Lung cancer is one of the most dangerous malignancies, and morbidity and mortality associated with it have rapidly increased. Non-small cell lung cancer (NSCLC) accounts for 85% of all lung cancer cases. The prognosis is extremely poor, with a 5-year survival rate of only 15% [1]. Small cell lung cancer (SCLC) is a highly invasive neuroendocrine tumor. Brain metastasis (BM) frequently occurs in patients with lung cancer. About 15% of patients with SCLC have BM at diagnosis, and 40% develop it within 1 year after diagnosis. BM is a key feature of SCLC that significantly limits quality of life (QoL) and survival in patients [2]. Therefore, methods that effectively prevent and treat BM from lung cancer are of great significance.

Brain metastases from SCLC are usually multiple and easily lead to brain damage. Whole-brain radiotherapy (WBRT) is the conventional way to treat BM from SCLC without causing irreversible neurocognitive dysfunction [3]. Because of advances in radiotherapy instruments and technology, three-dimensional conformal radiotherapy (3D-CRT) is now being used to enhance the radiation dose to the lungs in treatment of stage IV NSCLC. With it, primary tumor cells can be killed while avoiding radiation-induced lung injuries and complications, thus inhibiting distant metastasis as much as possible while improving QoL [4] for patients. Clinical evidence is lacking, however, on the therapeutic efficacy of 3D-CRT [5].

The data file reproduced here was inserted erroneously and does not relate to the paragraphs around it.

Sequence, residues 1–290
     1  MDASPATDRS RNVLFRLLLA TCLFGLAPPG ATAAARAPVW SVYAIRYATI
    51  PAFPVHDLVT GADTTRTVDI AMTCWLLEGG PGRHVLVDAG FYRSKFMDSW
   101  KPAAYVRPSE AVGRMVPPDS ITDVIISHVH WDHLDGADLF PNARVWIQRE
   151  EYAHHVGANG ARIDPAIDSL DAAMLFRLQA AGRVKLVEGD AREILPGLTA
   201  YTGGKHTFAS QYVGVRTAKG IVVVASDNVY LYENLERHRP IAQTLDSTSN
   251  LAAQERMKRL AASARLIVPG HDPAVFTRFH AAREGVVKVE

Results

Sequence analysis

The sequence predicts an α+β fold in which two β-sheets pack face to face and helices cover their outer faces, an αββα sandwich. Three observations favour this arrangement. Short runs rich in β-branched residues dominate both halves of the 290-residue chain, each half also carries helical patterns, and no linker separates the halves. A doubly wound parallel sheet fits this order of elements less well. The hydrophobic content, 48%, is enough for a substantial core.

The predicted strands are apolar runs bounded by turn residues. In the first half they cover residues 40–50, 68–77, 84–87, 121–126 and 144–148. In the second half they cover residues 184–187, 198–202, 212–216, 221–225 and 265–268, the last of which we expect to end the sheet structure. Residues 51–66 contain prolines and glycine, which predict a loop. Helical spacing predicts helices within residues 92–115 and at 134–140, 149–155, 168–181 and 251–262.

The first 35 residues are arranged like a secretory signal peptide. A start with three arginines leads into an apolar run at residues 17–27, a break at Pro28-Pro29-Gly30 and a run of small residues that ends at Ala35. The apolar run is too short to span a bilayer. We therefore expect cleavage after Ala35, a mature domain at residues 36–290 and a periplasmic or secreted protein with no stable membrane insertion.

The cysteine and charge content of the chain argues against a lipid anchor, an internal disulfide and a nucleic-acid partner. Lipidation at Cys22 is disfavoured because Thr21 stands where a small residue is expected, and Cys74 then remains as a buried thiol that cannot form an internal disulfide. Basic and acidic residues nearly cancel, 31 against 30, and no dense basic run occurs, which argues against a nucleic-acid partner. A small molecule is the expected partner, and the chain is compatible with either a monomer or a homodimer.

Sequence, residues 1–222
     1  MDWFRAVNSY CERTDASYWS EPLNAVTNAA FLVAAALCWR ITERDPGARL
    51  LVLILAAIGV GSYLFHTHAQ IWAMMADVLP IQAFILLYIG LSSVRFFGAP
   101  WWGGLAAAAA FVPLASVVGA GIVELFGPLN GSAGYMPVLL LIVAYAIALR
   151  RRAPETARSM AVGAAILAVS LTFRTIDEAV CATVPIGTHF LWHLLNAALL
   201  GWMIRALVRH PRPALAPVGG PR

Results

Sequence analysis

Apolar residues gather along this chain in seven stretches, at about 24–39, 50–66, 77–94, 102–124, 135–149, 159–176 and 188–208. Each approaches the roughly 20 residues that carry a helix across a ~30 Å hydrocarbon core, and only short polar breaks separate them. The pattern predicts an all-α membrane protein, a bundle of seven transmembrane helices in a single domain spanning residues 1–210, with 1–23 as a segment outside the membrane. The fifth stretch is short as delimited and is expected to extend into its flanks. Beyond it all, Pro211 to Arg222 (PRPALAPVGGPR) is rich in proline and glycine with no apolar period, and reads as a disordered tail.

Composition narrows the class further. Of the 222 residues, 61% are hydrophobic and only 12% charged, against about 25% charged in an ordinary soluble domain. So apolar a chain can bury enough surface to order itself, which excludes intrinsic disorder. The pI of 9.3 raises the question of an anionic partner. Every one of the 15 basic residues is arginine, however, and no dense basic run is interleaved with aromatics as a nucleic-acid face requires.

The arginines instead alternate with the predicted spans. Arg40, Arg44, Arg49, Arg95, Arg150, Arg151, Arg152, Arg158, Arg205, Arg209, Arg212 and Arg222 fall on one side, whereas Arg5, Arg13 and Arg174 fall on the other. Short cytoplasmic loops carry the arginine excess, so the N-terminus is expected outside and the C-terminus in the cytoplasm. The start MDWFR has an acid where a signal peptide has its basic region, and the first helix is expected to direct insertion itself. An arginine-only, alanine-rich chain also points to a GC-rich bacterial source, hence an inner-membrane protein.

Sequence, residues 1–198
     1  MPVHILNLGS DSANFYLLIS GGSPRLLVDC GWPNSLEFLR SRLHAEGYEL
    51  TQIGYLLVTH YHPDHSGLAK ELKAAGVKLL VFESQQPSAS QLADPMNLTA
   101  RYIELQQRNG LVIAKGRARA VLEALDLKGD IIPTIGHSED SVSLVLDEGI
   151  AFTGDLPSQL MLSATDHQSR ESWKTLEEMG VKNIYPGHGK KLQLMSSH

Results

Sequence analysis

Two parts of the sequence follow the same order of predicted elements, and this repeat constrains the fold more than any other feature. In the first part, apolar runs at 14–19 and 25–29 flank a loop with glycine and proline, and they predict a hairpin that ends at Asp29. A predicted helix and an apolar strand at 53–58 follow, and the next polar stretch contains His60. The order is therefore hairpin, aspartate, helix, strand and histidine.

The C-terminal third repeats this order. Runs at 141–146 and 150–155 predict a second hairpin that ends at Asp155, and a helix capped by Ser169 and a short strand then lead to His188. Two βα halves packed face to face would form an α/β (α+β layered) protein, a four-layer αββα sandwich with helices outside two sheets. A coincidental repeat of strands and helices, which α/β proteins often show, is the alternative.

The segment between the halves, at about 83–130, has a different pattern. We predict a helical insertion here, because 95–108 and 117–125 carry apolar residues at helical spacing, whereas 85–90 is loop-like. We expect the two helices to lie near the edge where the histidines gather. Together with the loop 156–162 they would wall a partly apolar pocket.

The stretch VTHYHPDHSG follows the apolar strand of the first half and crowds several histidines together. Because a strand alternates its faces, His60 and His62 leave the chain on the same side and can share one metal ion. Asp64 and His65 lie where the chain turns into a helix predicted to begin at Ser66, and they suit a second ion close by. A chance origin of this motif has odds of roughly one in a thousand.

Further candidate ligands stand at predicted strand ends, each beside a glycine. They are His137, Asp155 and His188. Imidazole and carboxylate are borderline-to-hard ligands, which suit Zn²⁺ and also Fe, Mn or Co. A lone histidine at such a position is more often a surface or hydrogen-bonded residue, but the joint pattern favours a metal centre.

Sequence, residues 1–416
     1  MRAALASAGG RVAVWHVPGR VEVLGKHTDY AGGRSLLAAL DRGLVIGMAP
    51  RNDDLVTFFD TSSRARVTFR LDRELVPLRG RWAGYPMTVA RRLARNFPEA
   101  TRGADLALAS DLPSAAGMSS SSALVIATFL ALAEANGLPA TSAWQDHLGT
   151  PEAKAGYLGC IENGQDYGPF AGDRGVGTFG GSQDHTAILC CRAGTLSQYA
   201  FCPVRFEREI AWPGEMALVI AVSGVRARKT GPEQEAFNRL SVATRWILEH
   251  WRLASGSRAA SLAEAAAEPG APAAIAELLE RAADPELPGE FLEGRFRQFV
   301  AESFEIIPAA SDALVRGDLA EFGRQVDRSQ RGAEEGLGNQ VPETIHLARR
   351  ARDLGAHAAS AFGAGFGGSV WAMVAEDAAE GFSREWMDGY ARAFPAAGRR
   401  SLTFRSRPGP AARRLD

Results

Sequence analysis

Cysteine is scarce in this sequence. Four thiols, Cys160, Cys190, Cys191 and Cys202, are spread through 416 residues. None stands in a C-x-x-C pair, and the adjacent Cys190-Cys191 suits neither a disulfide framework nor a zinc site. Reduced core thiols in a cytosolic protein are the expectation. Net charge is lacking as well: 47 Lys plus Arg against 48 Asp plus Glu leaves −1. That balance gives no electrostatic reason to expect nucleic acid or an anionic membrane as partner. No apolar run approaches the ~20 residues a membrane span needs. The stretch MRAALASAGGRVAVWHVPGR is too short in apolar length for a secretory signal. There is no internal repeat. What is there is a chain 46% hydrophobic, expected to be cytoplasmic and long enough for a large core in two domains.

Accumulating evidence has proven that microRNAs, (miRNAs) are vital to almost every aspect of tumor development, including growth, differentiation, angiogenesis, and metastasis [7,8]. miRNAs are non-coding RNAs that contain approximately 22 nucleotides. They regulate target gene expression through complementary base pairing, which results in mRNA degradation or inhibition of translation [8,9]. miR-21 is located on human chromosome 17q23.2 [10]. Plasma levels of miR-21 reportedly are upregulated in patients with chemotherapy-resistant NSCLC [11] and it also is highly expressed in tumor tissues [12]. Another study demonstrated that miR-21 levels are higher in patients with NSCLC who have BM than in those who do not have BM [13]. The aim of the present study was to explore the potential influence of miR-21 on assessment of the therapeutic efficacy and safety of intensity-modulated radiotherapy (IMRT) for BM from lung cancer.